Tuesday, October 20, 2009

A Correction For Plan13 in C

The short version of this post is as follows: the 'C' versions of Plan13 all share a bug that make the algorithm unable reliably to track HEO and GEO satellites. To fix this bug find the part of the code that reads something like this:

/* Solve M = EA - EC * sin(EA) for EA given M, by Newton's method        */
EA = M;                             /* Initail solution                  */
do
{
  C = cos(EA);
  S = sin(EA);
  DNOM = 1.0 - EC * C;
  D = (EA - EC * S - M) / DNOM;   /* Change EA to better resolution    */
  EA = EA - D;                    /* by this amount until converged    */
}
while (abs(D) > 1.0E-5);
and replace abs with fabs. (If you are using the original C port by Edson Pereira this is line 501.)

The more in-depth version of the story follows.



Plan13 is a long-standing algorithm for predicting calculating satellite locations. Its original incarnation is found in a typically delightful 1990 article by James Miller, G3RUH, which AMSAT has wisely archive for anyone to read. Even if you don't speak BBC Basic, you'll probably understand what is going on in the code, and you can find BBC Basic interpreters to run the code. (Though in my experience when I compiled the Linux version of brandy it crashed on Miller's Plan13, and I couldn't get the MacOS version to compile. That leaves Windows, and it works well in both XP and Vista.)

In early 2000's Edson Pereira PU1JTE made a C port of the BBC basic code, which has proved to be very useful to many people, myself included. It retains the clarity of Miller's code, while adding some useful features from POSIX-compliant systems.

I have been empirically testing the reliability of this algorithm by comparing its output against that of Predict when using the keplerian elements of AO-07 and other low-earth orbit (LEO) amateur satellites. While doing this, a letter came to the amsat-bb list from Mark K6HX noting that he'd been using the Plan13 algorithm with Python, but had been disappointed to find that it was inaccurate when dealing with high earth orbit (HEO) satellites. This struck me as strange, since Miller's original article uses AO-10, a (now defunct) HEO satellite, as its example!

Nevertheless, I ran AO-10's current keplerian elements through my testing suite, and, sure enough, the results were disastrous. Plan13 in C wasn't even close to Predict, whose results I confirmed with SatPC32 for good measure. Something was up. I returned to the G3RUH code, which has the keplerian elements hard coded into it, and put in some recent AO-10 keplerian elements. Sure enough, the result of this 1993 program, running through a basic emulator, was spot-on with Predict and SatPC32.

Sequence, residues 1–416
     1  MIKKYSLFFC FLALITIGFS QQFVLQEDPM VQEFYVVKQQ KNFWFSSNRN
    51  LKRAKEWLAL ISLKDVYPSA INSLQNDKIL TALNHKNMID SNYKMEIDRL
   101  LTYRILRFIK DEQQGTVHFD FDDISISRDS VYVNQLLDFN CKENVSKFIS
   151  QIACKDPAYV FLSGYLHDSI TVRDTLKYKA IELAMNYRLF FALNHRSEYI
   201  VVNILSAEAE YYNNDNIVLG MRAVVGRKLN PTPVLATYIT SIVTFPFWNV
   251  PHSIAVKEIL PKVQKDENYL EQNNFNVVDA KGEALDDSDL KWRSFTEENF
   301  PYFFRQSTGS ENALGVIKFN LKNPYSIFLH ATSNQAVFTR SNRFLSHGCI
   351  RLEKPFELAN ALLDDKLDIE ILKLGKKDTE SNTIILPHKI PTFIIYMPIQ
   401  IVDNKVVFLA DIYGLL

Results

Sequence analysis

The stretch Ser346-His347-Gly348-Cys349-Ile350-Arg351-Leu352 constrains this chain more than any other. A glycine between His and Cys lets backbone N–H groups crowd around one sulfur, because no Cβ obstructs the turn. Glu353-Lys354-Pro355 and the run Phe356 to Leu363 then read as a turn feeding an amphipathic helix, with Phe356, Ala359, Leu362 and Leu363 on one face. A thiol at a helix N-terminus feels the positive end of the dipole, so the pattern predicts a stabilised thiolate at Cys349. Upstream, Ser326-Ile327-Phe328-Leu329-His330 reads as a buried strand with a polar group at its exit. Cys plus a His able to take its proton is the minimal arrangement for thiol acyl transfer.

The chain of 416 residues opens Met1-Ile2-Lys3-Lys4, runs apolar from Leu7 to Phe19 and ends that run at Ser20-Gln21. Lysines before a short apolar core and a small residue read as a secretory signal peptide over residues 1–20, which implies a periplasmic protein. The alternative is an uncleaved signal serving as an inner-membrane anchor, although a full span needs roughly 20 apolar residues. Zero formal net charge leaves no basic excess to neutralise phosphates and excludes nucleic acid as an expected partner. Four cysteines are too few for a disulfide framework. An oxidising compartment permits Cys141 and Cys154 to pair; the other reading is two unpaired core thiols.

Now was the time for a good ol' fashioned bug-hunt. I'm very new to C, but I know how to keep adding print statements until something fishy raises its head, and it was after the loop listed above that things seemed to go bad. The value EA is supposed to be iteratively calculated in that loop, but at the end of the loop the C version had a very different figure from the BBC basic version. One more print statement, and I found out why: the C version never takes more than one trip around the loop; but the BBC basic version was doing three.

The bug is in the use of the abs function. Unless specially called, it takes an integer as its input and returns an integer. EA is a float, so C helpfully casts it as an integer, rounding to 0. The absolute value of 0 is 0, so the loop figures it is good to go. In BBC Basic, of course, abs can take and return floating values, so it properly optimizes the value of EA.

The solution is to call the C function that provides absolute values for floating numbers, fabs. Once I did that, the output of my C code concurred with Predict et al. I'll run it through the test bed soon, but I'm pretty sure all will be well.

It will be interesting to see if this improves the performance of Plan13 with the usual fleet of LEO birds.

(Since doing this, I found that Howard G6LVB has properly implemented a floating point abs function in his port of Plan13 C to the PIC platform for the LVB tracker.)

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